The View from Space: A finger on the button
By John Holliman
May 20, 1998
Web posted at: 9:36 AM EDT (0936 GMT)
In this column:
(CNN) -- When we talked last week, I ran out of time to tell you one
of the most bizarre stories I've ever heard.
When a space shuttle crew gets ready to take a trip into space, it
comes to the Kennedy Space Center for a series of briefings, which take
place in the month before launch. One of those briefings is with a team
called the Range Safety Team. It's a group of Air Force officers whose
job it is to protect populated areas from any danger from rockets and
other space vehicles launched from the Florida coast.
The range safety officers have the horrible job of blowing up
the shuttle in case its steering system fails and it begins
to move over a land mass in the seconds after launch. It's
never happened, of course, but the astronauts who are
preparing to launch June 2 had their meeting with Range
Safety two weeks ago. Commander Charlie Precourt told me he's
heard stories of astronauts
showing pictures of their spouses and children to the range
safety officers, to make sure the people with their fingers
on the destruct buttons know that it's real human beings who
will be killed in case the shuttle strays off course.
Precourt told me the briefing is standard on the part of the
range safety people. They have dozens of support people out
of the bunker where they work during launch, and these
outside observers track the shuttle to make sure it's going
in the right direction. Precourt says he hopes the officers
will give the shuttle crew some suggestions about getting out
or steering the shuttle away from a
populated area before it's blown up.
As you listen to a shuttle countdown next time and the flight
director gets his final "go" or "no-go" calls from members of
the launch team, you can listen to hear the range safety
officer talk. As one of the Discovery astronauts told me,
there's no other job in the world where you know that a team
of people is charged with killing you if your vehicle goes
That's one of the many unusual facts about a shuttle launch
will talk about over the next many months together.
By the way, the Discovery is on schedule for launch at
6:10 p.m. ET on June 2 from launch pad 39A to pick up Andy
Thomas on Mir.
of Andy, we talked to him on CNN this week. He says he's counting the
days and hours until he's back on Earth. A fresh supply of food, clothing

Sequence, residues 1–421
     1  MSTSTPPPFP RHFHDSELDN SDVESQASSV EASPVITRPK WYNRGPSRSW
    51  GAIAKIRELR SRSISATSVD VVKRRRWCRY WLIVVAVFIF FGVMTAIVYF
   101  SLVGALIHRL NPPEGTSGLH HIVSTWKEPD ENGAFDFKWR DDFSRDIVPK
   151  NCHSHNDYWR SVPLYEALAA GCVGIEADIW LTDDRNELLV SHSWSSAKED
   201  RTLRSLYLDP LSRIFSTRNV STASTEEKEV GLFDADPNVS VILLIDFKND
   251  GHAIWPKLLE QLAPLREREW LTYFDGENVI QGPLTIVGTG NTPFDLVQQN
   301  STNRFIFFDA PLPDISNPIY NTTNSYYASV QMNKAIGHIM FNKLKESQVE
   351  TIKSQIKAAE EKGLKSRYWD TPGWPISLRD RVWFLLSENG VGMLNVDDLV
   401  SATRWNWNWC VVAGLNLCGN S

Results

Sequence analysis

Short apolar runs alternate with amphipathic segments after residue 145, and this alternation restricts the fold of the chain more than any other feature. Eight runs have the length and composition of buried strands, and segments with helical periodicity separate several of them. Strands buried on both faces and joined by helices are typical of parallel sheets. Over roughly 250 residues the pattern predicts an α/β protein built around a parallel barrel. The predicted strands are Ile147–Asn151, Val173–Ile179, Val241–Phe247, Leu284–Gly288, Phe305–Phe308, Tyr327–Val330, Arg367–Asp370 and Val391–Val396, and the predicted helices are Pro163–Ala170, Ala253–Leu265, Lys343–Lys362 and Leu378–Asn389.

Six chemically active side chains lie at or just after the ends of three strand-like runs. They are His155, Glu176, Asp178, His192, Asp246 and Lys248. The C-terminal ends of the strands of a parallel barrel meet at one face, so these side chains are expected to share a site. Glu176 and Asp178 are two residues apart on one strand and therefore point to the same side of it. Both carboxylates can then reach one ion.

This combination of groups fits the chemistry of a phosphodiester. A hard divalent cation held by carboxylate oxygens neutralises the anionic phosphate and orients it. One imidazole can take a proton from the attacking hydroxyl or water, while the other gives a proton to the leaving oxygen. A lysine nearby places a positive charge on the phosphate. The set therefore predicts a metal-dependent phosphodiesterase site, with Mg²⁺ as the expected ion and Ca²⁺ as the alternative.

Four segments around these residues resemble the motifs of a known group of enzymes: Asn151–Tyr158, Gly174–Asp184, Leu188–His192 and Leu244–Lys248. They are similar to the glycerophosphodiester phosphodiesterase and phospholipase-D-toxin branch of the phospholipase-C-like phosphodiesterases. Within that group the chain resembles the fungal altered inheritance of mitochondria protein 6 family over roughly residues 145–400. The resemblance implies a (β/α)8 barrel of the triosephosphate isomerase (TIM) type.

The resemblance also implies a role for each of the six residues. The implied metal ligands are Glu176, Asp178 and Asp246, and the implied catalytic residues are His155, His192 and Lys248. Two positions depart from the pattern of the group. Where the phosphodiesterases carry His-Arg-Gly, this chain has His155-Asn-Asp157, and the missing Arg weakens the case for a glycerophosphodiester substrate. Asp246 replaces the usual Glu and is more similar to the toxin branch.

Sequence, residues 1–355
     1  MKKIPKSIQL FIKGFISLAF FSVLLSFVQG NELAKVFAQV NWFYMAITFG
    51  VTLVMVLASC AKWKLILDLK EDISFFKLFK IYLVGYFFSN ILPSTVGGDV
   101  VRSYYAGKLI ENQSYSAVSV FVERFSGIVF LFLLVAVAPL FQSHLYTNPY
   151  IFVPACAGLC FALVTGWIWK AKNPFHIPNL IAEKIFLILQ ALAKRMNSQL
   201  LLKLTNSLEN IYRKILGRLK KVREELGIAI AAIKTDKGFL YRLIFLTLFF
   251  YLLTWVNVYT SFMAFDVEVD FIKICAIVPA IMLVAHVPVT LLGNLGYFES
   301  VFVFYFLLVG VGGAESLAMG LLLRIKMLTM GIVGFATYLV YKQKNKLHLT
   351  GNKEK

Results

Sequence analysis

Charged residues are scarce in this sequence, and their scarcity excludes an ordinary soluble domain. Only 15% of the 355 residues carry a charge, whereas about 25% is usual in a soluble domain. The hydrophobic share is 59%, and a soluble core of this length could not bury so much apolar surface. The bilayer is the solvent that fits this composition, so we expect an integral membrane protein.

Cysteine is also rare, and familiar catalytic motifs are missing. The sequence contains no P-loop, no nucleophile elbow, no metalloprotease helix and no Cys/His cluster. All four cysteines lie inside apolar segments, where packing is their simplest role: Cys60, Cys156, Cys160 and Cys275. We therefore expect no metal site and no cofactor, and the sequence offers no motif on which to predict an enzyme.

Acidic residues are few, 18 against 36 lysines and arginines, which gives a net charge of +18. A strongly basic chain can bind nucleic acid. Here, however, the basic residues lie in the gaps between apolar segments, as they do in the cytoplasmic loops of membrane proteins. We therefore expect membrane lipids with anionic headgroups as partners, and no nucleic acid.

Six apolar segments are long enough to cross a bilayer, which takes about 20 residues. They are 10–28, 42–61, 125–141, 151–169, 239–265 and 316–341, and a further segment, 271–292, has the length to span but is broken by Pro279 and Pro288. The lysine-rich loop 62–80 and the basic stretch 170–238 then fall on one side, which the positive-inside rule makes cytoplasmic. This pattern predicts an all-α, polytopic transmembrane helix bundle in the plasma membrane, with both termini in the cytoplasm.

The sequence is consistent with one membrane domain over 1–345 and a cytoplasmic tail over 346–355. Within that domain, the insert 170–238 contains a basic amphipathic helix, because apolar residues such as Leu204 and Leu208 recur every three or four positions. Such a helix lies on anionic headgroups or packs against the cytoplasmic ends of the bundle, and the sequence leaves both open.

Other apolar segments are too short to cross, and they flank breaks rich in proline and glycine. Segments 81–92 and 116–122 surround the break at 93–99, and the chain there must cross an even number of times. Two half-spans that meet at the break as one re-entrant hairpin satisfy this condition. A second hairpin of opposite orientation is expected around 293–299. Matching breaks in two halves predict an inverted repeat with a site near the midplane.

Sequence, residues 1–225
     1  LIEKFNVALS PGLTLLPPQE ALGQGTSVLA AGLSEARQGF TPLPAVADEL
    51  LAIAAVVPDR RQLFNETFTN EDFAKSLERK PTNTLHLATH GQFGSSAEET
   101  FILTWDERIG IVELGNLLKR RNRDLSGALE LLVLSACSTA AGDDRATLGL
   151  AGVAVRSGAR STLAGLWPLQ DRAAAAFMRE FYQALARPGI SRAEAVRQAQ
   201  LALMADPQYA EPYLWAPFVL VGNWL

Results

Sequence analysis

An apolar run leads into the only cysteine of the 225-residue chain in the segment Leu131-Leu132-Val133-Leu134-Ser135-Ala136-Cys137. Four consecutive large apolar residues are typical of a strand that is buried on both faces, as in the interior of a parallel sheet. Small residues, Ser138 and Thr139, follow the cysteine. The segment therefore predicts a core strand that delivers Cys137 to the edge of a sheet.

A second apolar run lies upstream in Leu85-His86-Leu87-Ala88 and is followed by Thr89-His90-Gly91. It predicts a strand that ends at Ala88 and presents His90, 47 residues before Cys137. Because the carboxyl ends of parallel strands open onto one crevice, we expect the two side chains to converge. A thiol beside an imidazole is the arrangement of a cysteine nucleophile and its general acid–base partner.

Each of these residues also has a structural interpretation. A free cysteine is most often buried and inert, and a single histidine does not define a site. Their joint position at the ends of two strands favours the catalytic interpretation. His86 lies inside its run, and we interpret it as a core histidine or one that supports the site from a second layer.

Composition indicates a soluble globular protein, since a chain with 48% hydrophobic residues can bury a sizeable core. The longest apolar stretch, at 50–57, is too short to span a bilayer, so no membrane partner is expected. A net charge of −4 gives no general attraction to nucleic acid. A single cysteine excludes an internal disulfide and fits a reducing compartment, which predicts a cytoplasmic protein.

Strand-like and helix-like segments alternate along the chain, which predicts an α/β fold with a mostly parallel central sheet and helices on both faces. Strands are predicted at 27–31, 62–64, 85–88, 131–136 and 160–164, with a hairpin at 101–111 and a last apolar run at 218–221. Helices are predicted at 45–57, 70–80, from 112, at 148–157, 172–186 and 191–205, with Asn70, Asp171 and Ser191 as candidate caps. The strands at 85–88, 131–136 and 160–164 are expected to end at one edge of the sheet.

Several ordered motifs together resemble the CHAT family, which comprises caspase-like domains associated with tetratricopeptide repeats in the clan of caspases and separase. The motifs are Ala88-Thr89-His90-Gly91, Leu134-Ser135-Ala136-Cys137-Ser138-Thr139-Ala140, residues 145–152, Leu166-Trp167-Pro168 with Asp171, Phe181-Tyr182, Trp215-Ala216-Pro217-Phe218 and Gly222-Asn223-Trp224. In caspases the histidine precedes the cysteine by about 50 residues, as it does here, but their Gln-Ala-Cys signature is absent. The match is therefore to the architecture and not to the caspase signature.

and fuel arrived on Mir over the weekend. The Progress supply ship pulled
up and docked Saturday. Andy told us before he left for Mir that he
was taking several different cameras with him to document changes in
the Earth's surface.
He spent time this week looking at large fires in Honduras
and the Yucatan Peninsula. He's been able to take still
pictures of the eruption of the Arenal volcano in Costa Rica.
One of the interesting hazards of long-term space flight is
kidney stones. Ground-based scientists believe they know why
astronauts and cosmonauts get stones more often than the rest
of us, and Andy is doing experiments right now on an
experiment to figure out what to do about this. Flying in
space forces the body to reduce the amount of water inside.
This dehydration forces more concentrated chemicals into the
urine, and concentrated calcium and other substances are
blamed for causing kidney stones. Andy is collecting lots of
urine for examination back on Earth. It may help eliminate
future kidney stones from people in space, and on Earth.
When Thomas gets back, U.S. astronauts will have completed
about 1,000 days of long duration flight -- all of it aboard
Mir. Included in this number is a 26-month stretch when
there's always been an astronaut living on Mir. Since this is
the last shuttle flight to Mir, the crew will bring home as
much as it can in the way of U.S. equipment.
I asked the Discovery crew if it would be willing to take a
second journey to Mir this summer, if needed, to bring more
equipment home. To a person, they said yes. There must be
something very attractive about this space flight business!
you later this week from Space Day. I'm going to host a cyberspace special
the morning of May 21. I'll be at the Smithsonian's Air and Space Museum
with guests including John Glenn, Dan Goldin, NASA's administrator,
and Sergei Krikalev, a member of the first crew of the new space station
and the first Russian to fly on the shuttle. Later in the morning, I'll
be chatting with Buzz Aldrin, Jim Lovell, Walla Schirra and others about
great moments in space history. If you care about space, you should
be watching CNN and following Cyber Space Day right here on CNN Interactive.
One more thing -- we talk a lot about how things that happen
in space help people on Earth. Here's one -- an
international consortium has launched more than 70 satellites
into low Earth orbit to provide telephone and beeper service
anywhere on the planet. The system is called Iridium and it's
being operated by Motorola. Now that the final bunch of
satellites is up and working, you'll be
able to make or get a phone call from any location on the
planet starting this fall.
John Holliman's column appears on Wednesdays.